Zurich state prosecutors remanded former Raiffeisen CEO Pierin Vicenz in custody last week after carrying out an early morning search of his house. He has since faced a barrage of questions.
The prosecutor's office did not offer any further details about the arrest but Vicenz – one of Switzerland's best-known bankers – is suspected of having lined his own pockets by using insider knowledge during deals he carried out during his time at the head of the heavyweight Raiffeisen group.
According to Swiss daily NZZ, Vicenz used a straw man to buy up stakes in companies that Raiffeisen, or companies part-owned by the Raiffeisen group, later acquired.
The broadsheet said that in 2007 the credit company Aduno, part-owned by Raiffeisen and presided over by Vicenz at the time, purchased a firm for between 6 and 7 million francs. However, Vicenz was actually also the beneficial owner of the firm acquired. In this way, he more than doubled his investment in the company in a short space of time, the NZZ reported.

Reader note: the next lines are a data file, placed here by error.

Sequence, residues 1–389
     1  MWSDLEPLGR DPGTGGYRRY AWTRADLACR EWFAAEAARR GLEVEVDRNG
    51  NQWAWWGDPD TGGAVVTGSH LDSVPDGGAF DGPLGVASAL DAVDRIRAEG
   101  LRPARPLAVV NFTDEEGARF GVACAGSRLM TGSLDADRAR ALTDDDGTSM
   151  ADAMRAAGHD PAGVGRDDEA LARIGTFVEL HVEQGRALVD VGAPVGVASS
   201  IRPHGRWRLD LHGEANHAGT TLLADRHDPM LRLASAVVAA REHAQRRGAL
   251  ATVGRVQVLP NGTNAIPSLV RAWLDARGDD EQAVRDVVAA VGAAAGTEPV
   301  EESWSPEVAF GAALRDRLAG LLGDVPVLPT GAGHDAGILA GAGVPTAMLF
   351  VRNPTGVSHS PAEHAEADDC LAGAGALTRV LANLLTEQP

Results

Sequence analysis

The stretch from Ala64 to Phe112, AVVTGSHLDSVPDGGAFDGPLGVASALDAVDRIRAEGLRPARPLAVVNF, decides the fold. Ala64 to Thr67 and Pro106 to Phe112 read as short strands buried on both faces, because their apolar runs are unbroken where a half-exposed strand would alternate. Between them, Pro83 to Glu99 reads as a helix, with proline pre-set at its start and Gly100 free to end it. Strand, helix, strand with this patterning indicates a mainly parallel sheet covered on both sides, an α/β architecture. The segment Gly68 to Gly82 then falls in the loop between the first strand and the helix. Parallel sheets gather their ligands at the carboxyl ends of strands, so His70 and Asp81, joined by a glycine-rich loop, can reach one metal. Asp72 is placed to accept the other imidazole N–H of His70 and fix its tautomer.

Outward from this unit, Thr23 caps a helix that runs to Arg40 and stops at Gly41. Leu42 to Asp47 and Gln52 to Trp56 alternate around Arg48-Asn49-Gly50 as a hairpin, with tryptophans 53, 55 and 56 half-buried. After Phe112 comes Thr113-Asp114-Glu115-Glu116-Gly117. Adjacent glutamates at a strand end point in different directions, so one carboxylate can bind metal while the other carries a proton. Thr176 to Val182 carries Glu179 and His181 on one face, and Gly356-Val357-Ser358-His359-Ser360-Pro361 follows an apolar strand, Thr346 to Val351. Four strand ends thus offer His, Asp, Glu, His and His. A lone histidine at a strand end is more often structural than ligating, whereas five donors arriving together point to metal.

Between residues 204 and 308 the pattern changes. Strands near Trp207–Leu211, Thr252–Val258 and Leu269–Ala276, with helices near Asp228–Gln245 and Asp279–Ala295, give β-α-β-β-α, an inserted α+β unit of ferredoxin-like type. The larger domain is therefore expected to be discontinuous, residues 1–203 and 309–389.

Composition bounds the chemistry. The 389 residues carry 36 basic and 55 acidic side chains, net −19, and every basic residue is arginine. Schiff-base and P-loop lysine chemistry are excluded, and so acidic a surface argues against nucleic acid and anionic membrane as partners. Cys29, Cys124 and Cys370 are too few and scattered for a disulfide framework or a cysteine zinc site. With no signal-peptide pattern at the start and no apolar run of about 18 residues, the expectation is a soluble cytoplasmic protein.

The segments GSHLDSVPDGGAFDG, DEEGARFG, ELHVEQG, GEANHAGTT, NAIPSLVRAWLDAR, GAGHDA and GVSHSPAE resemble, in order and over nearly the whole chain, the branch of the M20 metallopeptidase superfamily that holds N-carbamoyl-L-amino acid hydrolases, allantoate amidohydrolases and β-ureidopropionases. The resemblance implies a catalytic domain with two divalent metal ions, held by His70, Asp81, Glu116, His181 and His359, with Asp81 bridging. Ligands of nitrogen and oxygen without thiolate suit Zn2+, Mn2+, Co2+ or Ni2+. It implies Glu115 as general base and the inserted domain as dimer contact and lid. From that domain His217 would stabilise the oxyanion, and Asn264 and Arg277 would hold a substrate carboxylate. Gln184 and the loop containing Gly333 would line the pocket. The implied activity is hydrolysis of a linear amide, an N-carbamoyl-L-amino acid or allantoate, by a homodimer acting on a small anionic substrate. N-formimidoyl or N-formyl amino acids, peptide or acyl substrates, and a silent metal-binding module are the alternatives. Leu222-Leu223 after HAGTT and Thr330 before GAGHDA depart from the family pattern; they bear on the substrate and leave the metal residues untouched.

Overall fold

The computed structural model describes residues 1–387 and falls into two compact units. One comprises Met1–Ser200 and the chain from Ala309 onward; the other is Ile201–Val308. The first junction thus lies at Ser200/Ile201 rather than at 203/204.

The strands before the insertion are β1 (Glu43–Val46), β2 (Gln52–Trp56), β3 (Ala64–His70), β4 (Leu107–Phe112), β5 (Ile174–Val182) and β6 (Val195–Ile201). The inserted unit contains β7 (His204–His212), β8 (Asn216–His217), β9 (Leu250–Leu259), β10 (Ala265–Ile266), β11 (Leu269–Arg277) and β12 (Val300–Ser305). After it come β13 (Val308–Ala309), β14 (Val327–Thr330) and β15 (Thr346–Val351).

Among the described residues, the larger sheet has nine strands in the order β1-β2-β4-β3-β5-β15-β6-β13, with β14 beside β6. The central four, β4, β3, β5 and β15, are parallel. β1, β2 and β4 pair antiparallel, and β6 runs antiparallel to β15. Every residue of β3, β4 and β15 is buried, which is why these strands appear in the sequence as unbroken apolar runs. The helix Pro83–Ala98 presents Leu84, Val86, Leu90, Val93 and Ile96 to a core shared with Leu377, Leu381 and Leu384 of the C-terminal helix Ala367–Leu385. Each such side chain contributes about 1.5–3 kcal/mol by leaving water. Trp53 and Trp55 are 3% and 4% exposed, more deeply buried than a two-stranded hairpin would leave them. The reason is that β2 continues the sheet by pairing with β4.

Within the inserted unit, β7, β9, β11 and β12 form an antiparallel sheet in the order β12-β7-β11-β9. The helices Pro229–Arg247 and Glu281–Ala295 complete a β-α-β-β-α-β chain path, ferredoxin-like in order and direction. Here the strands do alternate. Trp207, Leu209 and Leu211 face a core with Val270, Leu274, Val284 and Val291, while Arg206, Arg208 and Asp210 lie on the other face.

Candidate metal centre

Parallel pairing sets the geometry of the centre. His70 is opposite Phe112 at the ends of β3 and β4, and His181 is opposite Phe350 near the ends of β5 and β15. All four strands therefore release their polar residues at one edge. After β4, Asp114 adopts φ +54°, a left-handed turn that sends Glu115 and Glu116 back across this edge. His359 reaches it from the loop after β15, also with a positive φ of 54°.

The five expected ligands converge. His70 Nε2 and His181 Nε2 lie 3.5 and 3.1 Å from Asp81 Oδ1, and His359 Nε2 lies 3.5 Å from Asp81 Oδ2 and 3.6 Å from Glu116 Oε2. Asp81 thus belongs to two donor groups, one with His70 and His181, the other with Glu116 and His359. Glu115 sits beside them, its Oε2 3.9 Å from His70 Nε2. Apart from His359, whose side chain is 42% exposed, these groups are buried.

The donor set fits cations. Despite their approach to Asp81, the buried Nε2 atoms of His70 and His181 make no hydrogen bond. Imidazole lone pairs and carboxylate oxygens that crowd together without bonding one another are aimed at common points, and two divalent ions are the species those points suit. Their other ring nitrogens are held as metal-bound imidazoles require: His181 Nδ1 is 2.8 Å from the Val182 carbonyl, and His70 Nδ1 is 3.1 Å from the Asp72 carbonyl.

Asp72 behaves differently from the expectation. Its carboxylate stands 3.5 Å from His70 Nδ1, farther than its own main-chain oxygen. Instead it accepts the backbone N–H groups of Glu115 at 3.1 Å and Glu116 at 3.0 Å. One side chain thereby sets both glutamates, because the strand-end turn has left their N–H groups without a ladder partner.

The former bank chief is suspected of at least one other shady deal: Raiffeisen's purchase of a majority stake in the investment firm Investnet is also under the microscope. Raffeisen severed links with the investment company a week ago.
An incompetent board?
The spotlight has now fallen on the Raiffeisen board of management with questions being asked about its competence. The fact that Vicenz's wife headed up the group's legal department has also been called into question.
On Tuesday, University of Bern economics professor Peter V. Kunz told Switzerland's Blick newspaper that the Swiss Financial Market Supervisory Authority (Finma) had failed to provide proper oversight.
“One of the task of the financial watchdog is to look at the competence of the company boards,” he said.
Vicenz stepped down as CEO of Raiffeisen in May 2016 after 17 years at the helm. Raiffeisen has been the subject of a Finma investigation since autumn 2017.